The iPod Phone Myth

“According to proponents of this myth, Apple’s success with the iPod is about to be crushed by an onslaught of music playing cell phones, so Apple needs to desperately come up with an iPod + cell phone combination of their own to remain relevant. They’re wrong, here’s why,” Daniel Eran writes for RoughlyDrafted.

“This myth is based in part on ‘Microsoft is Invincible FUD,’ which carefully warns consumers that whatever strategy Microsoft choses will be both flawless and undeniable, and that rather than examine options, it’s best just to wait around and see what Microsoft eventually delivers, and then make the best of it,” Eran writes.

“However, Microsoft has repeatedly failed in their ongoing attempts to leverage their Windows monopoly to dominate the digital music and media market. Instead, consumers have chosen to buy iPods, leaving Microsoft’s WMA strategy soundly defeated by Apple’s device and the QuickTime technologies that power it,” Eran writes.

“Apple sold 35 million iPods in the last year. The entire cell phone market is estimated to have 850 million units ship in 2006. Of course, most of those phones can’t play music, but the numbers suggest a way to prove that Apple’s iPod product isn’t actually destroying the competition by competing fairly as a better product, but is rather just a strange niche product that represents a temporary statistical anomaly. As soon as consumers figure out that their cell phone is just as good at playing music, analysts hope to see Apple’s share of the market fall into the 5% or less range,” Eran writes.

“Once Apple goes back to being inconsequential, and Microsoft returns as the invincible decider of industry trends, lazy analysts can return to comfortably prattling off the same pro-Microsoft FUD that, in fulfilling its own prophesies, has served their own interests by making them look knowledgeable and smart over the last two decades. Of course, until that happens they continue look stupid, so they’re motivated to talk about iPod Killers. Mobile phones are just the last best hope for challenging Apple’s music player,” Eran writes.

Full article, highly recommended, here.

[Thanks to MacDailyNews Reader “Rainy Day” for the heads up.]

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  1. I still can’t decide if I want to devices or one.

    Just hate over pricing of items, such as food, soda, and CELL PHONES!!

    Moto says, “here, buy our SLVR for $200 bucks” and i’m thinking, i’ll just buy a Nano, have more capacity, better branding, much better interface and enjoy the interopoerability.

    Tough call though

    Most phone interfaces suck. I’ve enjoyed SonyEricsson and some Nokias

  2. I love how some phone companies sell mobile phones with the line, “Now with Windows Mobile.” I don’t know about you but “Windows Mobile” isn’t a feature it’s a warning label.

    In Microsoft’s defense it can’t be that much worse than the mobile phone OSs that are out there. I keep waiting for Apple to finally release something quality into that industry.

  3. These geniuses still don’t get it. The iPod is successful because of the interconnectivity with iTunes via the Dock. Who is to say that the iTunes store won’t become a ringtone shop as well? They sell everything else nowadays. Download your favorite movies, music, ringtones, etc. at the new Apple iMedia store!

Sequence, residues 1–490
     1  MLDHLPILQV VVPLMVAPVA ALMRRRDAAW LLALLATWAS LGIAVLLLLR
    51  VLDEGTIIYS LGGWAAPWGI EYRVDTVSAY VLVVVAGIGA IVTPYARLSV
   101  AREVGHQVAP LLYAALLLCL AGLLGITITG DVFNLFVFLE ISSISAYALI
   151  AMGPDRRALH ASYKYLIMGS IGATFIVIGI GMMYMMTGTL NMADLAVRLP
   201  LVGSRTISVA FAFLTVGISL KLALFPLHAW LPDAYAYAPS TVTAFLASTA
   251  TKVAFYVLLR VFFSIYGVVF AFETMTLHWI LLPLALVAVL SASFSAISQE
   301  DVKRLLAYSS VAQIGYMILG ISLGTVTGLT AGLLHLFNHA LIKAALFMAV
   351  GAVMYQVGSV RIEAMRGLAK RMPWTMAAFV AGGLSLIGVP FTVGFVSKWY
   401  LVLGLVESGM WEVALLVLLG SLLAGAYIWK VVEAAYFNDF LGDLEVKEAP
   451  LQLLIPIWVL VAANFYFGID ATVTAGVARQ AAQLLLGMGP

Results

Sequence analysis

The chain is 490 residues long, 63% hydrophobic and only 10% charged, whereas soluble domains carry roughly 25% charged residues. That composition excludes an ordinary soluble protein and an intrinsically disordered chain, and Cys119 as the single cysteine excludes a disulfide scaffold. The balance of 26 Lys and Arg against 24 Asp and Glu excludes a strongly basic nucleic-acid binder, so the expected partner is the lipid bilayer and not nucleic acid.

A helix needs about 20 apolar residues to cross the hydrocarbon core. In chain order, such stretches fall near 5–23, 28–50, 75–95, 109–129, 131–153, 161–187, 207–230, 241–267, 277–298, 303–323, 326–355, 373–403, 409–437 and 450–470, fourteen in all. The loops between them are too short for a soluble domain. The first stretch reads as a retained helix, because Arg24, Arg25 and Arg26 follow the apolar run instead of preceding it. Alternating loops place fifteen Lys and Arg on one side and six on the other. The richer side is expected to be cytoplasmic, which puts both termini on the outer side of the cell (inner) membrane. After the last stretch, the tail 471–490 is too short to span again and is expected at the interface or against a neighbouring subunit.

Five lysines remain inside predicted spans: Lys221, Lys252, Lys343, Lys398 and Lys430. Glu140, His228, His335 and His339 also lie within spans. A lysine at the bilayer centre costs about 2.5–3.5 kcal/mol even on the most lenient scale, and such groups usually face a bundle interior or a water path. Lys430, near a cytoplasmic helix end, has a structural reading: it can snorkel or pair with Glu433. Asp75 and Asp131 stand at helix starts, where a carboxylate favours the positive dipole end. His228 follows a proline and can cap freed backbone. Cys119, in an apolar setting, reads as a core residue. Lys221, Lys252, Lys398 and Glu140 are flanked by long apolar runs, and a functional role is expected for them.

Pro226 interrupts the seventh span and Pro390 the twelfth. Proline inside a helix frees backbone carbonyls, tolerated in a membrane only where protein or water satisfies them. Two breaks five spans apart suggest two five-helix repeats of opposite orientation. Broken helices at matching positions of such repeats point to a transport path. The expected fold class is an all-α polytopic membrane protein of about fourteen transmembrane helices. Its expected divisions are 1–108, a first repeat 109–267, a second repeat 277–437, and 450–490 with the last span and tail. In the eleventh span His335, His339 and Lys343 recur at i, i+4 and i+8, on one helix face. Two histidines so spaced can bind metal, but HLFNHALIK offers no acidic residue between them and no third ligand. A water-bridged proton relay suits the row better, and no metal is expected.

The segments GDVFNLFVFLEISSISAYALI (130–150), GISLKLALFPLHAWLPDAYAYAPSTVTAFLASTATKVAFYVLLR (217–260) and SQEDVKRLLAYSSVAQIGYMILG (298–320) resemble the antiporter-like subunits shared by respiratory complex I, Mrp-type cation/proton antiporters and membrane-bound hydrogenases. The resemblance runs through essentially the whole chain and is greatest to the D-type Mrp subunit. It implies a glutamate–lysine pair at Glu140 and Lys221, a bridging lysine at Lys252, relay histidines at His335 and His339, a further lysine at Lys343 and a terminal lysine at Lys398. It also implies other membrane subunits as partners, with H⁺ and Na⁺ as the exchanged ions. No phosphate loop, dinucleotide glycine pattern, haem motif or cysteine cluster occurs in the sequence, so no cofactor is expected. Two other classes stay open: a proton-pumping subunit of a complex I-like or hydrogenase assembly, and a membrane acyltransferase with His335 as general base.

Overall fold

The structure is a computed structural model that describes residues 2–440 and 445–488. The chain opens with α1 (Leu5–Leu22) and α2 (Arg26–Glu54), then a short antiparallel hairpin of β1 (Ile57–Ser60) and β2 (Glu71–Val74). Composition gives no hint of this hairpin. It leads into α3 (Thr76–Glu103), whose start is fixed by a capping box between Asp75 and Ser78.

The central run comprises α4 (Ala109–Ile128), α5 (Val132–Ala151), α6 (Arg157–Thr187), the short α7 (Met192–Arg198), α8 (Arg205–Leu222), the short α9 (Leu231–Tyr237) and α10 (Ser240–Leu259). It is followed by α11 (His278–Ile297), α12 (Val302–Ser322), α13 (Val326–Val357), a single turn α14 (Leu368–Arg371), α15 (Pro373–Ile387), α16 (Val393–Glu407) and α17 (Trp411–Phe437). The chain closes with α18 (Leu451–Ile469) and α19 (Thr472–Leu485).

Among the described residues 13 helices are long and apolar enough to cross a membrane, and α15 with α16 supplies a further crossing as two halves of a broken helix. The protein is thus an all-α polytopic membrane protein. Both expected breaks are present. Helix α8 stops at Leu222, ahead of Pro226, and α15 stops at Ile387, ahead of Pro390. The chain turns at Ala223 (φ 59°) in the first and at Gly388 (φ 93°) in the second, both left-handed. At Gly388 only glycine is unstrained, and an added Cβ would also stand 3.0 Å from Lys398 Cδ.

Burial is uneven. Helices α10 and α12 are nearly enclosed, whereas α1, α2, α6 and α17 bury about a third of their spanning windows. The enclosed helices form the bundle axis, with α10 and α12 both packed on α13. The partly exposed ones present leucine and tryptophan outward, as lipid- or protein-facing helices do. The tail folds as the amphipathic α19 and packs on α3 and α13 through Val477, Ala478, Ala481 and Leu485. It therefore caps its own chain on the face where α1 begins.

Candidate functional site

If Apple does sell an iPhone, I hope that it works like a wireless iPod with additional phone features, and NOT like a cell phone with additional music features.

  4. I love how some phone companies sell mobile phones with the line, “Now with Windows Mobile.” I don’t know about you but “Windows Mobile” isn’t a feature it’s a warning label.

    In Microsoft’s defense it can’t be that much worse than the mobile phone OSs that are out there. I keep waiting for Apple to finally release something quality into that industry.

    My thinking is that Apple IS developing a mobile phone/music player. As soon as iPod units sold start to drift, and Apple can get a revenue sharing agreement with a carrier, then we will see it.

    I’m drooling over the prospect of a cell phone (you can keep the music) with an Apple inspired interface. I see a 12 key keypad with a scroll wheel, linked to an LCD display, and an iPod like interface.

    Apple owns the patents. How hard would it be to make?

  5. sorry but the article is dead wrong. My Moto Q changed my mind. Smartphone will definitey supersede the iPod.

    I’m sure Apple knows this and there will definitely be an “iPhone”

    Still no store comes close to iTunes. Even though we’re using Urge for the past month we still go to iTunes to see what the new releases are…now that’s a real store.

  6. Apple is still planning on launching its own cellular service, their ipods of the future will be able to download updates and songs wirelessly, the mactablet will be network supported, and for phones they will have cross branded Motorola phones with a modified applesc OS interface.

  7. Raster . . .

    That was a good comment. My initial responce was that Apple will not wait around, they will be proactive.

    But then I thought, as long as apple does not need to make a move, why prematurely make a move in the market (that they own), why not wait until their hand is forced?

    Apple may be waiting for someone to make a move first, to get to ball rolliing to see what the market is for mass storage, music player, if there is none than it would seemingly be a waste.

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